The Wind Blew and The Snow Flew
Even though Winter doesn’t officially start until Dec. 21, Palo Alto County has already had two major snowstorms. Unfortunately, area law enforcement officials still find themselves dealing with motorists who ignore warnings and advisories against travel during winter storms.
This past weekend, blizzard conditions blanketed the area with frigid temperatures, snowfall and winds in excess of 30 mph, including a gust of 56 recorded at Spencer. The combination of win and snow created complete white-out conditions and prompted authorities to advise no travel. Yet, deputies from the Palo Alto County Sheriff’s Office still hand to respond to several calls to rescue motorists at various locations in the county who chose to ignore the warnings and advisories and set out in the storm.
“We received 10 calls over the weekend out in the county to rescue people who went into the ditch or got stuck in snowbanks,” reported Palo Alto County Sheriff Dennis Goeders on Monday. “The deputies actually went out and rescued four people and got them back to safety, but there was one person we absolutely could not get to, but a farmer was able to get to him and got him back to his farm.”
Goeders noted that in some cases, motorists were able to keep in contact with the Communications Center via cell phone, and stayed in their vehicles. “If one of them would have run out of gas, we’d have found a way to get to them somehow,” the sheriff noted.
Goeders also noted there were also three ambulance calls during the weekend that required the assistance of the Palo Alto County Secondary Road Department and Iowa Department of Transportation plows to break trails to residences to pick up the patients and get the ambulances to hospitals.
“We are so fortunate to have a great relationship with the Secondary Road crew and the DOT plows,” Goeders said. “We could not have gotten to these people and helped them without the dedication and skill of the plow operators. They are the unsung heroes in these situations and we’re so lucky to have them.”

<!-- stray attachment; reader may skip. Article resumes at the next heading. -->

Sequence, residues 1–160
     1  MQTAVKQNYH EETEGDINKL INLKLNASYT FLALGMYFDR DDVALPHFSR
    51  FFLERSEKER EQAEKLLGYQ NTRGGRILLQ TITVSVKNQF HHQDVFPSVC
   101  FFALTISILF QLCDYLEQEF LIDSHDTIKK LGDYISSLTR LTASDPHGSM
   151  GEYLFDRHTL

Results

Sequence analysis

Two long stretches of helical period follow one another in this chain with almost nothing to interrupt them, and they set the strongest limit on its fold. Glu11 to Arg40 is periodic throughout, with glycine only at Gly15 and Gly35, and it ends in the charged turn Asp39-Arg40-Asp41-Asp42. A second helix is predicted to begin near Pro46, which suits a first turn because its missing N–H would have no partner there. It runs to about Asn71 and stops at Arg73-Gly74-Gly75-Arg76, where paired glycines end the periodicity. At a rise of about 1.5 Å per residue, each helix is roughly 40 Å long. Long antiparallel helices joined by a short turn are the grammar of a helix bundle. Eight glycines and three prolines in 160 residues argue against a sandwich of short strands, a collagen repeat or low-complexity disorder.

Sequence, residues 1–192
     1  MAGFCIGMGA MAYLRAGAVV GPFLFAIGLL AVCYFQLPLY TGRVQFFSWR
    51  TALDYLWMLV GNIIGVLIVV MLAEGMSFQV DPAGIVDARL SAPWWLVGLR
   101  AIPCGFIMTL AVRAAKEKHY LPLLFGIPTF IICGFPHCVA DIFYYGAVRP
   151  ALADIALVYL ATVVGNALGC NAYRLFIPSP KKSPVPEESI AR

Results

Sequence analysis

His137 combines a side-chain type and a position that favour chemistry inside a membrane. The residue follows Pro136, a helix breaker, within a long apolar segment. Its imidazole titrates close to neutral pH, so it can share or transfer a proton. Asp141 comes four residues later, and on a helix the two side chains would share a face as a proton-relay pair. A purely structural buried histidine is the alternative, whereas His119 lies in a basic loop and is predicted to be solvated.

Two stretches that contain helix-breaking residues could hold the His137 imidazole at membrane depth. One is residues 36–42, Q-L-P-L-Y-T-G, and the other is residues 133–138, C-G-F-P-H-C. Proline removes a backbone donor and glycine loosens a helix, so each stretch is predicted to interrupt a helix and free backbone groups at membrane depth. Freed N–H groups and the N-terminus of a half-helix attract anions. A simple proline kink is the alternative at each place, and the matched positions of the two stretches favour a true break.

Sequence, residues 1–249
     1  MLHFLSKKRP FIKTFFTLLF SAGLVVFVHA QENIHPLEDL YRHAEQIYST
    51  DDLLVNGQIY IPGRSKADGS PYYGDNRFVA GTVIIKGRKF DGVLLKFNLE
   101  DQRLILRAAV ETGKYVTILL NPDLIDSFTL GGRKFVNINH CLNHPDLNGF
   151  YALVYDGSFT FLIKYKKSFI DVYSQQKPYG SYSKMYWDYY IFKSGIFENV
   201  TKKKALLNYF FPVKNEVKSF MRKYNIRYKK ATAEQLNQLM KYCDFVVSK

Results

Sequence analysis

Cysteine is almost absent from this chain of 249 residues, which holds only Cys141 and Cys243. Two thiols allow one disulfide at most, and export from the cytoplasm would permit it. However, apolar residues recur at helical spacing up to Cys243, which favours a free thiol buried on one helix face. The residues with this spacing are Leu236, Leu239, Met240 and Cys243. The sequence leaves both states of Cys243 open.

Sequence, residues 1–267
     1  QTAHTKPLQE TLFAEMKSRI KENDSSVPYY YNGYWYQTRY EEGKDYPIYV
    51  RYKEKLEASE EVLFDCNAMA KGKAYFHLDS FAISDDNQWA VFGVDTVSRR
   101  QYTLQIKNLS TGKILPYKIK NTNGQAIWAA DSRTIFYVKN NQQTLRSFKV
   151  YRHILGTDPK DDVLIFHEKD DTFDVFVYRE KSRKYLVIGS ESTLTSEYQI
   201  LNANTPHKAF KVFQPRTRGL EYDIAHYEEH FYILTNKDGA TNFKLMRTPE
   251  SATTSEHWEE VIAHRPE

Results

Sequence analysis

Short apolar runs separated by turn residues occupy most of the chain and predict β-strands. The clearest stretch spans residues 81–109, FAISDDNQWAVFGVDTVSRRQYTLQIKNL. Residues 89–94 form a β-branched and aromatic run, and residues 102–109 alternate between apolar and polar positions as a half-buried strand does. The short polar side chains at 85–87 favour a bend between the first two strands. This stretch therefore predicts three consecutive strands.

While the sheriff noted that for the most part, the number of calls for stranded motorists was down somewhat, there is room for improvement.
“People seemed to heed the forecasts and warnings a little better than they did last year,” Goeders said, “but there are still those who don’t think that warnings or advisories apply to them. When an advisory is issued saying no travel, that’s what it means don’t travel.”
In many states, gates and roadblocks have been established at primary access points to heavily traveled roads to close the roadways in such situations. Motorists who ignore storm closures that end up getting stranded on a closed roadway and requiring rescue by authorities in storms end up paying a hefty fine, along with the costs incurred in the rescue process. In neighboring Minnesota, the fine for ignoring a road closure during a snowstorm and requiring rescue by authorities is $750.
The state of Iowa has implemented a similar system of roadblocks and gates on the interstate highways in the state, but have not implemented such a network on state highways.
In the city of Emmetsburg, there were numerous cases of vehicles that got stuck in snowdrifts on city streets, but no major incidents, according to the Emmetsburg Police Department. However, city crews were kept busy trying to keep emergency routes open through the day and night on Saturday and into Sunday, as well as working around stalled vehicles.
“Overall, it was a lot better than last year, but there were still 10 people who were out driving around when they shouldn’t have been,” Sheriff Goeders noted. “People really need to think about what they stand to lose if they ignore a no-travel advisory, and they need to think about what the consequences of such a decision may be. A tow bill, damage to their vehicle, injury or worse and then think about those who would have to come out to rescue them. It simply isn’t worth it.”